A 95-year-old slept in a recliner chair for 24 days because a rest home couldn't provide a suitable bed, her family says.
The woman's daughter eventually called 111 after her mother's legs swelled and she became confused.
Bupa NZ has apologised for the "distress caused to the resident and her family" but did not answer specific questions about the chair.
The woman moved into Whakatane's Mary Shapley Care Home in early 2016, originally for respite care. Her daughter told the Weekend Herald there was a small bed in her room, but it couldn't be used because her mother was unable to lie flat.
She repeatedly asked for a hospital-style bed that could be adjusted, she said, but was told there were none available. As a result, she said her mother was put in an old recliner chair in the room, and stayed there day and night, including for meals.
"I kept saying, 'Can she have a bed? Can she have a bed?' You can't sleep in a La-Z-Boy at 95 for that length of time.
"All she wanted was a bed that they could [use to] raise her head a little bit, which I don't think is an unreasonable request in a place taking $1800 a week off you."
The daughter, who asked for names to be withheld given the small community she lives in, said her mother's mobility meant she couldn't get up herself.
"Basically, they put her in a chair and took her away and showered her. If she wanted to go to the toilet they would get her out.
"But my mum was an independent lady, she didn't like bothering people. So it took her awhile to get into the idea that when she wanted something, she had to ring the bell.
"She'd sort of sit there to the stage where she was jolly near wetting herself. And then she would finally push the [call] bell."
Her daughter visited every day. In March 2016 she called an ambulance after her mother, who was mentally sound, seemed "away with the fairies" and had badly swollen legs.
She said the paramedic asked about an adjustable bed but a rest home staff member told him there weren't any available. He then took the 95-year-old to the local hospital.
After she was discharged her daughter moved her to another local aged care facility for hospital-level care. Her mother died in June 2016, and her daughter believes removing her from Mary Shapley was the only real option available to her.
Mary Shapley is owned by Bupa NZ, which is one of the biggest aged care companies and owns more than 50 rest homes. A spokeswoman said the company apologised for the distress caused to the resident and her family.
"The wellbeing of our residents is our absolute priority and we take all concerns about the care received in our homes extremely seriously. We encourage an open dialogue with residents and their family."
Bupa contacted the daughter on Thursday and offered a "sincere apology", the spokeswoman said.
The company declined to answer Weekend Herald questions sent Tuesday morning, including whether it accepted the resident had used the chair and not a bed, and about the family's concerns that medical treatment wasn't sought.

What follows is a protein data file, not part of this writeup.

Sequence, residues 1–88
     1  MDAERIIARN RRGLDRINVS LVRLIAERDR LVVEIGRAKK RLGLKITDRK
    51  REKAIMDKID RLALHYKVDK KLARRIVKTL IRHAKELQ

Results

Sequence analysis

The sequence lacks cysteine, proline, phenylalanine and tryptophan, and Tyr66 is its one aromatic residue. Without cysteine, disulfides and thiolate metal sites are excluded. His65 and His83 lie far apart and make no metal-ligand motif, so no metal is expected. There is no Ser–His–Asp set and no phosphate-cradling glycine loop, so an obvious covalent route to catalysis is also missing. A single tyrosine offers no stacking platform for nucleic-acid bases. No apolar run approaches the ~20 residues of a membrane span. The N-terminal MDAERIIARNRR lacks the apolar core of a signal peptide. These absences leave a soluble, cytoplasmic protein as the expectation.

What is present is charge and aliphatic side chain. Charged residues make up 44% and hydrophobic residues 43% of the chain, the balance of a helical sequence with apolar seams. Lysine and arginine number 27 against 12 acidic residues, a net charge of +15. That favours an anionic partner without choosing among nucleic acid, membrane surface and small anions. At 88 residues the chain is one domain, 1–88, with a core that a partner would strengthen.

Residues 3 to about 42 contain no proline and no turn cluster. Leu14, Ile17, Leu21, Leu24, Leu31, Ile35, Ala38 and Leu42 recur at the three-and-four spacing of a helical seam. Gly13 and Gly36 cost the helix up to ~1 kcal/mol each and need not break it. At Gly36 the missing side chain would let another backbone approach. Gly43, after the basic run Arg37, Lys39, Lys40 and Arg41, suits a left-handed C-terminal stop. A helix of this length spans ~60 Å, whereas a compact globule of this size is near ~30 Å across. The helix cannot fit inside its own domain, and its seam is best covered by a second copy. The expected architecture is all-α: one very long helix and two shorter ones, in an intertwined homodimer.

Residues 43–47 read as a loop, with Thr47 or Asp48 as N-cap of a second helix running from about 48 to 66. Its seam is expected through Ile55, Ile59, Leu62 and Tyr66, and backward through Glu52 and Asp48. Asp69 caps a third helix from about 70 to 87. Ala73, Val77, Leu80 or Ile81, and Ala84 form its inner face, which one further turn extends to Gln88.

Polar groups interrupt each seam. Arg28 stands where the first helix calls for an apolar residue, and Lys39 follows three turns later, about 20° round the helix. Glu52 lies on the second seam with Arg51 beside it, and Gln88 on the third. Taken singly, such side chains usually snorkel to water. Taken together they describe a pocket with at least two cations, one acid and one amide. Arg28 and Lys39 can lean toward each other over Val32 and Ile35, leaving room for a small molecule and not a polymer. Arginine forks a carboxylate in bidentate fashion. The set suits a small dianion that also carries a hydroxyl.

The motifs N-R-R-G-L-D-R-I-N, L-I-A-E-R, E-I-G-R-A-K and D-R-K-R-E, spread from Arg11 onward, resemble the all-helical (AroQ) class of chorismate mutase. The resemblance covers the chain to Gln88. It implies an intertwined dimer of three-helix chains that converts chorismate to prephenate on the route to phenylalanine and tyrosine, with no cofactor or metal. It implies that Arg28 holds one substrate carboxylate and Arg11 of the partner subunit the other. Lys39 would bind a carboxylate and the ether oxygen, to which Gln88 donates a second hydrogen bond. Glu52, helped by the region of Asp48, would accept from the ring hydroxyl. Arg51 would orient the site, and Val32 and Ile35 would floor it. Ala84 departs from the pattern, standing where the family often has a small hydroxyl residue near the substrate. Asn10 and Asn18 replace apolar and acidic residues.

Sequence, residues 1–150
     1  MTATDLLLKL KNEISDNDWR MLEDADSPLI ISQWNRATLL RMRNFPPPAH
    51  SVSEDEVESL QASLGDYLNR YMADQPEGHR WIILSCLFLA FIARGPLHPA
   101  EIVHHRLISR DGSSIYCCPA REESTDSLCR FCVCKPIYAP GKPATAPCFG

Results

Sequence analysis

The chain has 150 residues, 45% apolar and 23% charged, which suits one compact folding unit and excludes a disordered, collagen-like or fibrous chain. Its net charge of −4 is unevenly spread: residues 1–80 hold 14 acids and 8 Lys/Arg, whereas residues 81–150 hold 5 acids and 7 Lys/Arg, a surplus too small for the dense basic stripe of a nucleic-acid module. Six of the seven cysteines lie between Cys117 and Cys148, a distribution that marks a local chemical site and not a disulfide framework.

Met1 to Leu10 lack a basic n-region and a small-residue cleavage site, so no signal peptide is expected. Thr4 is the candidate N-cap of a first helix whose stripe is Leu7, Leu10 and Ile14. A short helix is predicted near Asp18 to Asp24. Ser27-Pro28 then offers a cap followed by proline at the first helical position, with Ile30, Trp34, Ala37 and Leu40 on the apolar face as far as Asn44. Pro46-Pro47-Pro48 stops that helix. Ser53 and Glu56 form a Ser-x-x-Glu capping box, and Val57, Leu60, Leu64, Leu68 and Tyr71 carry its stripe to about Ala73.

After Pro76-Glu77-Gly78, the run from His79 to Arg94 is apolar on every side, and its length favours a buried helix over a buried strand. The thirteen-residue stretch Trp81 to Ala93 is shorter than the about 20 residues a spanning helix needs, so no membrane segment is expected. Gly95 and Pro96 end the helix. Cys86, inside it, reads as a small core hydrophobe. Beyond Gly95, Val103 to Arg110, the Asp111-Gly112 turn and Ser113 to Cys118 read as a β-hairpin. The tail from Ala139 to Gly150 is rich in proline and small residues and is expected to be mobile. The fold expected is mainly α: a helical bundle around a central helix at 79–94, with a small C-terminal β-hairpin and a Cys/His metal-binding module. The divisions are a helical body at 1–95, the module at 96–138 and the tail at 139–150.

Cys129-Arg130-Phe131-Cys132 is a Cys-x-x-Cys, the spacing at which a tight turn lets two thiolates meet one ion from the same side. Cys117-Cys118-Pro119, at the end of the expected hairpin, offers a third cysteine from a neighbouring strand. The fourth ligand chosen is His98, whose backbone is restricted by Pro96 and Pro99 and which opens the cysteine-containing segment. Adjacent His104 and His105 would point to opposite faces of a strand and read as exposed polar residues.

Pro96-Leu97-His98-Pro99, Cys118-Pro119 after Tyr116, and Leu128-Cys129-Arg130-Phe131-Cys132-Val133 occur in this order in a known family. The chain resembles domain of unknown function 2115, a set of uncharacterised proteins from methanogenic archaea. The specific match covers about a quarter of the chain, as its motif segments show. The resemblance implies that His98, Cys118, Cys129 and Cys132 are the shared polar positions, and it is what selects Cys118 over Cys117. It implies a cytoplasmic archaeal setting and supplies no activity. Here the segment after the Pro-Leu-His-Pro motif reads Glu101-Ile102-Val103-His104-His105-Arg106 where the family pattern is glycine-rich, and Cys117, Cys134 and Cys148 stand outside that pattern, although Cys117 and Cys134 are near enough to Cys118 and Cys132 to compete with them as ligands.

"We will be engaging with them in our review of the circumstances around the care provided in 2016. Respecting the privacy of the family, it would be inappropriate to publicly comment further at this stage."
The daughter said she kept her mother at home as long as possible, but her own illness meant she couldn't lift her when she lost the ability to walk.
"It tore my heart out, and still tears my heart out right now. It was just one of the most horrible things I had to do. I promised my dad the day he died that I would look after mum for as long as I could. And I really, really tried."
She said her only motivation to speak out was out of concern for the roughly 36,000 people in aged care facilities. She did so after reading a Weekend Herald article, part of a series on aged care that found:
• A third of the country's 651 aged care facilities have had recent shortcomings related to resident care. Residents have died from festering bedsores.
• Cases of residents being strapped to chairs all day with minimal movement or repositioning. Staffing levels so low at some facilities there is a risk to the safety of residents.
Consumer and health advocates are pressing Labour to act on policy held in opposition, including updating voluntary aged care standards and making them mandatory.
Responsibility for the sector was recently transferred to Associate Health Minister Jenny Salesa, who said the complaint, and any failure of care, was distressing.
"These events are sporadically highlighted by the media. In general, the media discover these events from the audit process, which shows the audit process works," Salesa said in a statement.
The Health and Disability Service Standards were currently being reviewed, and this gave to opportunity to strengthen safeguards "and better reflect contemporary best practice guidance in aged care", Salesa said.